analysis: This is a holiday ritual but also a cultural food tradition done yearly by Italian people and immigrants. Done by a lot of Italian/Americans, this tradition combines their old culture with a new culture.

Glutinous Rice Balls


L is a sophomore at USC, and a good friend of mine. He immigrated to the United States from China when he was 15 years old.


L: I’m gonna talk about like glutinous rice balls, something that my family will make during the Chinese New Years that usually my grandma off on my mom’s side makes. So it’s something that we just do like once a year, it’s essentially a sticky rice ball. It’s like barbecue pork and then mushrooms and all kinds of different things. I haven’t had it for a while because I haven’t been back to China since 2019. But I just remember that growing up that’s something that she makes only once a year and it’s only on Chinese New Year so it’s like quite, you know, memorable. She made it because they didn’t grow up in like a very wealthy family so like like pork or like meat in general is not like accessable for them. So they would save money for an entire year just so that they can have a big nice meal on Chinese New Year, just for that one day. And although my grandparents have become wealthier and they live in circumstances that if they want, they can literally make it every single day, but for some reason my grandma just wanted to keep that tradition going. So when I was growing up that’s like the only dishes that you make during New Year’s but the other year, my mom and my auntie started picking up that tradition. So now during my birthday or other big holidays if they can’t really think of anything to do they will make that meal. Now it’s really become like a celebration because it’s something that I so rarely eat and I really like it so yeah.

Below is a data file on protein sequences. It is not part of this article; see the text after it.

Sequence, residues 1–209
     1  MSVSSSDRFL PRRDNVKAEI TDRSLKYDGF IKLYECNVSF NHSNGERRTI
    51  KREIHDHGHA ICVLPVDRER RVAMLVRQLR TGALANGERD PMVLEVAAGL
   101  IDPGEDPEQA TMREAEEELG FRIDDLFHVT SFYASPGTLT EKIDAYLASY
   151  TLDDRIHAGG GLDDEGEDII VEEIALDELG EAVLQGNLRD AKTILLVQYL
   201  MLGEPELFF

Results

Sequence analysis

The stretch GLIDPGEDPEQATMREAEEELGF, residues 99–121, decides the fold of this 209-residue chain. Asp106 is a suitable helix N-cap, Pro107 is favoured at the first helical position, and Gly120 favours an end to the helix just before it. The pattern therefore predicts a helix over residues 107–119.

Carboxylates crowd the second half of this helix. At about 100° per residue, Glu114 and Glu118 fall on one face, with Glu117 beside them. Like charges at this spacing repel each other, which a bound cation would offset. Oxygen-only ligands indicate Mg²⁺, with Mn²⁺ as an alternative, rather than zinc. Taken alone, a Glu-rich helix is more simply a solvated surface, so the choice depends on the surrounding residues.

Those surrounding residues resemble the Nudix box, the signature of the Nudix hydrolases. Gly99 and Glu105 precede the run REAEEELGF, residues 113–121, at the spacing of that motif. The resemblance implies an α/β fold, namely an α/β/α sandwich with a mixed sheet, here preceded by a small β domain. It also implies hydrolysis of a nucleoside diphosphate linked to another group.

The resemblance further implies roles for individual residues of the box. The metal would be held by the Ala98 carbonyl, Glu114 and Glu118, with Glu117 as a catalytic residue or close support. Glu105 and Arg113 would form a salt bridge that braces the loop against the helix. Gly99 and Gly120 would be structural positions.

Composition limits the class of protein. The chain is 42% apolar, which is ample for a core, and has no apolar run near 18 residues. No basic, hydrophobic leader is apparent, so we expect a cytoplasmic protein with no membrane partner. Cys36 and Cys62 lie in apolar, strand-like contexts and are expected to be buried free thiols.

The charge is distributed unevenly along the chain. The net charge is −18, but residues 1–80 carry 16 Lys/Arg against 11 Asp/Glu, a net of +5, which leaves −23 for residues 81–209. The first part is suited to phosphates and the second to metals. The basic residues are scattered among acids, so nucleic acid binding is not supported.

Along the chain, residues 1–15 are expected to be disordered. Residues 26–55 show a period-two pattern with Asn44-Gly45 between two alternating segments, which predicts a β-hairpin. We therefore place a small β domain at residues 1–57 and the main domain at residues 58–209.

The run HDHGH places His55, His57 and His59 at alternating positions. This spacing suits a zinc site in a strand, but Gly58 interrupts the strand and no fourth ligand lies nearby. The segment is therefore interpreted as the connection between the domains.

Me: What kind of memories do you associate with this?

L: I mean, whenever I think about this, I think about unity. Like that’s the time where my family is like all together. Whenever my grandma brings it out like we are always like in the big chairs all around a table. And everybody’s talking to each other during that time. And it’s not something that I see a lot these days. So like whenever I have that food I just think about it and the memory is awesome. The thing that my mom remembered when I was a kid we would get all around the table like this.